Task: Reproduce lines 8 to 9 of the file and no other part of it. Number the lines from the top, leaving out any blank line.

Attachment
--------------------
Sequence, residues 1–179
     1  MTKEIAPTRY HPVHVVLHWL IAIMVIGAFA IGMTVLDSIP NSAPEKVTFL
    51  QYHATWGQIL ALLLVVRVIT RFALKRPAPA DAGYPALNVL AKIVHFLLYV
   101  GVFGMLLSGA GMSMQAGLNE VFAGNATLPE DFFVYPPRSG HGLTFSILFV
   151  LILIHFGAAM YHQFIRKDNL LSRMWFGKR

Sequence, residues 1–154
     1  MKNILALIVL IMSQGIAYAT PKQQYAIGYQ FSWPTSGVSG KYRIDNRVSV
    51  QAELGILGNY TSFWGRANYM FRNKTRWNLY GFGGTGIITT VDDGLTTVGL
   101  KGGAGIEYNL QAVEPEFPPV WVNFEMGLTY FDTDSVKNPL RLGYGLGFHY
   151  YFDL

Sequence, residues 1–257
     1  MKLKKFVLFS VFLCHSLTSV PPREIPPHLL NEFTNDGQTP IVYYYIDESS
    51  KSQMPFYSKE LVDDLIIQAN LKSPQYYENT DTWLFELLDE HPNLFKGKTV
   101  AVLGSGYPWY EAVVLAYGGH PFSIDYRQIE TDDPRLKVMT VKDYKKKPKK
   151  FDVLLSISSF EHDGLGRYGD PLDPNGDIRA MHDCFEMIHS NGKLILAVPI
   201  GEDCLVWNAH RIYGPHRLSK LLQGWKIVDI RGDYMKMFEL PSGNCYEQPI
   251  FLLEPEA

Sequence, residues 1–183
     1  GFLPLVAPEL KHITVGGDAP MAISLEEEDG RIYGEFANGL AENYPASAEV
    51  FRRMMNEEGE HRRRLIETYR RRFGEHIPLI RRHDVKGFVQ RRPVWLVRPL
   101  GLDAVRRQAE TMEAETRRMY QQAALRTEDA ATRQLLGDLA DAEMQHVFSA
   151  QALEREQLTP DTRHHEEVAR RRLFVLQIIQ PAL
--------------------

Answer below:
    51  QAELGILGNY TSFWGRANYM FRNKTRWNLY GFGGTGIITT VDDGLTTVGL
   101  KGGAGIEYNL QAVEPEFPPV WVNFEMGLTY FDTDSVKNPL RLGYGLGFHY